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    Subungual Hematoma – Treatment

    Trauma

    Last Updated Feb 18, 2021
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    By Julian Marsden, Tanis King

    Context

    • Subungual hematomas are an accumulation of blood beneath the fingernail or toenail, usually caused by direct crushing trauma to the digit that results in bleeding of the nail bed (Figure 1).
      • Patients usually present with throbbing pain and swelling of the digit.
      • Blue-purple-black discoloration beneath the nail.
      • Nail and nail folds may be intact or may have injury (e.g. nail laceration).
    • Consider x-ray if significant pain.
    • Treatment may not be necessary if the subungual hematoma is not acutely painful for the patient and it is not accompanied by other injuries to the digit.

    Figure 1. Classic appearance of subungual hematoma

    Recommended Treatment

    Trephination

    • Trephination is preferred over nail removal for subungual hematomas that are painful and have intact nail folds.
    • Trephination puts holes in the nail plate to drain the subungual hematoma which alleviates pain and promotes healing of the nail bed. This can be achieved using:
      • Electrocautery
      • Presterilized needle
      • Bunch biopsy
    • Whichever method is used to trephinate the nail plate, penetrating too deeply to the nail bed must be avoided.
    • After trephination, the digit should be kept dry and clean and should not be soaked.

    Nail Removal

    • Removal of the nail plate is only recommended for subungual hematomas accompanied by nail bed lacerations (e.g. fingertip or toe avulsion).
    • Removal of the nail plate for nail bed exploration is not recommended for subungual hematomas with:
      • Intact nail plate and nail folds.
      • At least partial adherence of the nail plate to the nail bed.
    • It is no longer recommended to remove the nail plate when the subungual hematoma exceeds 25-50% of the nail plate surface as there is no difference in short or long-term healing outcomes between trephination and nail removal.

    Prophylactic Antibiotics

    • There is no evidence that supports the use of prophylactic antibiotics to reduce infection after trephination of subungual hematoma.
    • Subungual hematomas associated with an open fracture may require prophylactic antibiotics depending on the type of fracture and other patient factors (discussed elsewhere).

    Tetanus Prophylaxis

    • Review of tetanus immunization status should be completed for patients with subungual hematoma accompanied with a wound such as:
      • Wounds contaminated with dirt, feces, saliva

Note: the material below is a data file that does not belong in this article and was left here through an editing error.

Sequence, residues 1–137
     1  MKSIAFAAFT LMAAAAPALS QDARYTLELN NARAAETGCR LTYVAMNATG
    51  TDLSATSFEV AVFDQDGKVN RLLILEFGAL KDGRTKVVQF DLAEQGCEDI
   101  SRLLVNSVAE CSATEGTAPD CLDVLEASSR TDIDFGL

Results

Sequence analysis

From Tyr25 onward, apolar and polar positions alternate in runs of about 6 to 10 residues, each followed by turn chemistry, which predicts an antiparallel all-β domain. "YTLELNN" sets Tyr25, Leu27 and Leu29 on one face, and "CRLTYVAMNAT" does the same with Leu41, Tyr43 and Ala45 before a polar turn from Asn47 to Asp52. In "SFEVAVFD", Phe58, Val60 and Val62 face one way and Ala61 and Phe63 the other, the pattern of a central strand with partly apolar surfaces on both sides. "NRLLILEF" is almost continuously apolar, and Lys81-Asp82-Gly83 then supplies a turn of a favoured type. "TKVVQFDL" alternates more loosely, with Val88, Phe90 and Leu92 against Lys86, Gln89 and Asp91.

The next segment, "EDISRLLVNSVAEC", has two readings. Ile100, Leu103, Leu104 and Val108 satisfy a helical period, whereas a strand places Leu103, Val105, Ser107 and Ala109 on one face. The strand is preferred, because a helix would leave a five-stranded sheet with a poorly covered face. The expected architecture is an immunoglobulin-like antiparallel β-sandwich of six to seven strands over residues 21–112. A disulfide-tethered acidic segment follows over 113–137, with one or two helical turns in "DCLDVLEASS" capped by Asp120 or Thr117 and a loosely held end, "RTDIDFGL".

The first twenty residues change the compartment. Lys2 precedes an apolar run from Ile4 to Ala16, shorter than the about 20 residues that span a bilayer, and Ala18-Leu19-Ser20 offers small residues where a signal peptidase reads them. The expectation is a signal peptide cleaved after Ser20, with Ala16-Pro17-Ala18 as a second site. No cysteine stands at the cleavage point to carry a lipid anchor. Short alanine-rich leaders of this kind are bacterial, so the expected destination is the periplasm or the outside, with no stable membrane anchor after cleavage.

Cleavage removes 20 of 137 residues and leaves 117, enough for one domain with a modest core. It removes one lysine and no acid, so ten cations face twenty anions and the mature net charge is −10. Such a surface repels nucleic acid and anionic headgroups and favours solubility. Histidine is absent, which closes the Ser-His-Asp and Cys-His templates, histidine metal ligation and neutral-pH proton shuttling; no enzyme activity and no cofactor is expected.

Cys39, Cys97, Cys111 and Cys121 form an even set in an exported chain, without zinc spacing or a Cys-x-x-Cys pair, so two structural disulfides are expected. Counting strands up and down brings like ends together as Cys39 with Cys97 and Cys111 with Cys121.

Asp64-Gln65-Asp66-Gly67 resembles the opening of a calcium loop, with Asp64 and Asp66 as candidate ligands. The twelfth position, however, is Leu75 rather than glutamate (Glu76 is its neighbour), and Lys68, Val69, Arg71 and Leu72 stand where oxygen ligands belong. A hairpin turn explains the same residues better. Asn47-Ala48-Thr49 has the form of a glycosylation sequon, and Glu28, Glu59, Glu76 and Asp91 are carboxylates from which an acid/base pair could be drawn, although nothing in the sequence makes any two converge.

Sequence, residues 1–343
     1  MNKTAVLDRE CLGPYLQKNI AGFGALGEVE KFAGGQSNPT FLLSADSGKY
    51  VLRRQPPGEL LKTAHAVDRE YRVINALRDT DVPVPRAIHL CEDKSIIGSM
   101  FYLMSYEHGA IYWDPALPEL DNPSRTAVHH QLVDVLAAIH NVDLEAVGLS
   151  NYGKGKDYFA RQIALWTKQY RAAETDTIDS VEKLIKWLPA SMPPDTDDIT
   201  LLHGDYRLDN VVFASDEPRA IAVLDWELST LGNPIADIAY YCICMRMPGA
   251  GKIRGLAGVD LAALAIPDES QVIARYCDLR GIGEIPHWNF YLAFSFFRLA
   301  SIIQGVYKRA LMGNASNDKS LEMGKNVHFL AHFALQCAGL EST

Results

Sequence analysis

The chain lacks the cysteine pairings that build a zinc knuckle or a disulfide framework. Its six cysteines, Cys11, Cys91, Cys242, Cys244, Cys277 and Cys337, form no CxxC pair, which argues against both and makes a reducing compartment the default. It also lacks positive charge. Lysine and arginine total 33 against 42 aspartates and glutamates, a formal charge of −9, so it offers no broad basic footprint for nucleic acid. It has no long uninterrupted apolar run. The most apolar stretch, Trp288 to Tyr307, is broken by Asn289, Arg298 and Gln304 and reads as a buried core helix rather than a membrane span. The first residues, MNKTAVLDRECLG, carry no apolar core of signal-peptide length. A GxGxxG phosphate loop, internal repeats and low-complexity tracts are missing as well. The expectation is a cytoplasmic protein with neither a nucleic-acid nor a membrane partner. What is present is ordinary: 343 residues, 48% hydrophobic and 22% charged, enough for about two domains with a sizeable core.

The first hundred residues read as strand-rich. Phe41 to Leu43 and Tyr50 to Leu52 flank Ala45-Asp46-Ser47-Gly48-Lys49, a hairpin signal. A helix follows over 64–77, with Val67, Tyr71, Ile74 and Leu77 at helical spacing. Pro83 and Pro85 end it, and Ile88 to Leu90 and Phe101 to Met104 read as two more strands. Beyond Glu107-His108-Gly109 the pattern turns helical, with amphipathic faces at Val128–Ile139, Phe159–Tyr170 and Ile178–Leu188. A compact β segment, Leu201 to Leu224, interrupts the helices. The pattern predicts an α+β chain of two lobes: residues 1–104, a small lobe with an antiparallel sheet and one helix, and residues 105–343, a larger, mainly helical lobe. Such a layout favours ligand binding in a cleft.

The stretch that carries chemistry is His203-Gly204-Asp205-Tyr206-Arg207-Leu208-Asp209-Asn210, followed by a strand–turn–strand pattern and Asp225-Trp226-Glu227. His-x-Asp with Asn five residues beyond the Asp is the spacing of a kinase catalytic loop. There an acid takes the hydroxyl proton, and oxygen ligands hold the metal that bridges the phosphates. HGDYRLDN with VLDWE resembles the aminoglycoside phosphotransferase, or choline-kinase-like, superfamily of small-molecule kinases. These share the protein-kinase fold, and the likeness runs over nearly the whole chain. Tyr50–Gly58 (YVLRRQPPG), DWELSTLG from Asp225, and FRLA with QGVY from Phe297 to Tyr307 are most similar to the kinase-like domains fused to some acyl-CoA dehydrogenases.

• Puncture wounds
      • Avulsions
      • Wounds resulting from crushing, burns, foreign objects

    Other Resources

    Related Information

    Reference List

    1. Gellman H. Fingertip-bed injuries in children: Current concepts and controversies of treatment. J of Craniofac Surg. 2009;20:1033-1035.


    2. Hawken JB, Giladi AM. Primary management of nail bed and fingertip injuries in the emergency department. Hand Clin. 2021;37:1-10.


    3. Dean B, Becker G, Little C. The management of the acute traumatic subungual haematoma: a systematic review. Hand Surg. 2012;17:151-154.


    4. Batrick N, Hashemi K, Freij R. Treatment of uncomplicated subungual haematoma. Emerg Med J. 2003;20(1):65.


    5. Salter SA, Ciocon DA, Gowrishankar TR, Kimball AB. Controlled nail trephination for subungual hematoma. The American Journal of Emergency Medicine. 2006;24(7):875-877.


    6. Bonisteel PS. Practice tips. Trephining subungual hematomas. Can Fam Physician. 2008;54(5):693.


    7. Costello J, Howes M. Prophylactic antibiotics for subungual haematoma. Towards evidence based emergency medicine: Best BETs from the Manchester Royal Infirmary. Emerg Med J. 2004;21:498-503.


    8. Stevenson J, McNaughton G, Riley J. The use of prophylactic flucloxacillin in treatment of open fractures of the distal phalanx within an accident and emergency department: a double-blind randomized placebo-controlled trial. J Hand Surg Br. 2003;28(5):388.


    9. Havers FP, Moro PL, Hunter P, et al. Use of tetanus toxoid, reduced diphtheria toxoid, and acellular pertussis vaccines: Updated recommendations of the Advisory Committee on Immunization Practices – United States, 2019. MMWR Morb Mortal Wkly Rep 2020; 69:77.


    10. Nail Trauma [Image]. 2018 Dec [cited 2020 Dec 5]. In: Harvard Health Publishing [Internet]. 


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